Investment bank Bear Stearns is reporting that inventories among EMS players are on the upswing, reaching their highest point in four and a half years. But is there more to it than meets the eye?
Per Bear Stearns, days inventory and the inventory to sales ratio are at their highest marks since March 2002.
In an up market, rising inventories are less of a issue. It’s when business slows that they become a problem. Bear Stearns is among many industry watchers that, while not calling for a recession, do expect growth to slow in coming quarters.
However, I would argue (and have at various industry conferences) that what’s behind the inventory build is not poor management at the EMS companies but rather a rather blatant attempt by their so-called supply-chain partners to use their contractors as corporate warehouses.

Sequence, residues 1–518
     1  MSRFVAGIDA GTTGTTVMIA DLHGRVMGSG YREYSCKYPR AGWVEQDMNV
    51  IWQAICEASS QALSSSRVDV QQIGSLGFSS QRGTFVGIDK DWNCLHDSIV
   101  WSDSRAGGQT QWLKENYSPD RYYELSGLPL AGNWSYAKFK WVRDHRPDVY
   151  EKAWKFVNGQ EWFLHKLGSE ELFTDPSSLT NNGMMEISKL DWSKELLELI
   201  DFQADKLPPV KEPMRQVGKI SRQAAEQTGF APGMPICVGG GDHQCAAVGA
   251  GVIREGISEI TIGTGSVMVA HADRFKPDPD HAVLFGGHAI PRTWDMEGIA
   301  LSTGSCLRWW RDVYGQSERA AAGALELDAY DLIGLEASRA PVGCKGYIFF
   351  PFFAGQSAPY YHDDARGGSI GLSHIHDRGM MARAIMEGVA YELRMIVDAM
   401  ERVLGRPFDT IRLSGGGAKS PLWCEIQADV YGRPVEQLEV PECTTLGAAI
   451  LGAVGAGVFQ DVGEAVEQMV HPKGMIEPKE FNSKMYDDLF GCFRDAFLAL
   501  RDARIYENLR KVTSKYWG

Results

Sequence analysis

If you look at the publicly traded EMS companies, the value of raw materials in stock and finished goods have been rising. Yet at the same time, WIP has been falling relative to the former two categories.
Note to EMS firms: Holding inventory on behalf of customers is worthwhile only if you are getting paid for it. And as long as we’re passing out the black marks, you OEMs need to remember that the EMS model is already broken (i.e., unprofitable) enough, and those guys — your suppliers — need to make a buck, too.